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According to Michael D. Greenbaum, author of Icons of the West, Frederic Remington’s Sculpture, “A reviewer called The Rattlesnake ‘a bit of character…the horse shying at the sight and the horseman just about to cast his broad-brimmed hat over the repulsive coils.’ Copyrighted in 1905 and reworked three years later, The Rattlesnake, Remington’s twelfth statuette, was described by the artist as a ‘cowboy on broncho… rattlesnake on ground ready to attack horse.’ The rearing bronc and rider, posed masterfully in a spiraling sweep of motion, became one of Remington’s most popular works. The artist’s marvelous knowledge of anatomy, action and expression were strikingly infused in the bronze’s unfolding drama. Shortly after it was completed, Collier’s further called it ‘the work of a master’s hand.’

“In 1908, after eleven fine castings of the approximately twenty-one inch tall model had been produced, Remington significantly altered the sculpture. He worked nearly every day for several weeks to improve the symmetry and movement of the group. ‘Very cold day,’ he noted in his diary on February 8. ‘Worked all day on Rattlesnake and think my modeling has greatly improved.’ Two days later he wrote, ‘Worked on rattlesnake…doing good.’ The following week the new model was ‘all but done but the surface fussing.’ It took longer to create than he had expected, but when finally completed it was ‘a great improvement’ on the smaller version. ‘I hope no one sees them together,’ he mused. The new version was nearly three inches taller than its predecessor. The cowboy, still dressed in finely textured wooly chaps, lurched forward in a more pronounced curve to accommodate the violent movement of the rearing horse, whose forelegs Remington tucked evenly under its body.”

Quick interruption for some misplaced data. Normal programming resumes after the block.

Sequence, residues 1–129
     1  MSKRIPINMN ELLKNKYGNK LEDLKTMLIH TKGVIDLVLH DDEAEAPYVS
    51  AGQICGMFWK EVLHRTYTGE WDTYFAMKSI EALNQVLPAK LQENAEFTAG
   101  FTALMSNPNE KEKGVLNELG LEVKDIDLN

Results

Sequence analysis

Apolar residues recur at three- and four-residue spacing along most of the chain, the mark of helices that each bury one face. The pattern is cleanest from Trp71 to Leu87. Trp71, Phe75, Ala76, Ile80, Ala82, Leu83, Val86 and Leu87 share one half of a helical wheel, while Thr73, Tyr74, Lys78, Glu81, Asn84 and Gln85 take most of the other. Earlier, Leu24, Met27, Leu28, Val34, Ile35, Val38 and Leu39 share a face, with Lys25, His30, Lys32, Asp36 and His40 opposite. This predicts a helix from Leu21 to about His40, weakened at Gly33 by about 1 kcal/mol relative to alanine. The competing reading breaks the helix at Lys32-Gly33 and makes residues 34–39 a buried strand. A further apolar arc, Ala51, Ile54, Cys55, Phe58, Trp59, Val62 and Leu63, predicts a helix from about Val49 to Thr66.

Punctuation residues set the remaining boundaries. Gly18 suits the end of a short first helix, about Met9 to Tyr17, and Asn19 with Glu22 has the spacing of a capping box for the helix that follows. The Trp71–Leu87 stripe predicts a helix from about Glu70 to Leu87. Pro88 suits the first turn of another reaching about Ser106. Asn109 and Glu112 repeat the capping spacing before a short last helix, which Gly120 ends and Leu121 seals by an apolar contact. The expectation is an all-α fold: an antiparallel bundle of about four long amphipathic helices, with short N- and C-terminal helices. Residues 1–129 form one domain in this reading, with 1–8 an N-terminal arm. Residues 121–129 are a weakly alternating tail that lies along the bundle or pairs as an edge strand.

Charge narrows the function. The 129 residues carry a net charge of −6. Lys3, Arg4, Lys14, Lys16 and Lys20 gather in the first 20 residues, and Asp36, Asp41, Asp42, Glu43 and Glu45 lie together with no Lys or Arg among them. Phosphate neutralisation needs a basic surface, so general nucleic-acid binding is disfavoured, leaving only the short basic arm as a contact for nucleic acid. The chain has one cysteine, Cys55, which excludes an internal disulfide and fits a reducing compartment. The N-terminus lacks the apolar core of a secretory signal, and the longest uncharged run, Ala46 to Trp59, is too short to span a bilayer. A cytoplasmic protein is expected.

PROVENANCE:
Property from a Private Collection

LITERATURE:
Harold McCracken, The Frederic Remington Book (Garden City, NY: Doubleday & Company, Inc., 1966), page 265, example illustrated
Peter H. Hassrick, Frederic Remington Paintings, Drawings, and Sculpture in the Amon Carter Museum and The Sid W. Richardson Foundation Collections (New York, NY: Harry N. Abrams, Inc., 1973), pages 200-1, example illustrated
Michael Edward Shapiro, Frederic Remington: the masterworks (New York, NY: Harry N. Abrams, Inc. in association with The Saint Louis Art Museum, 1988), pages 211, 213, example illustrated
Michael D. Greenbaum, Icons of the West, Frederic Remington’s Sculpture (Ogdensburg, NY: Frederic Remington Art Museum, 1996), pages 123-128, example illustrated

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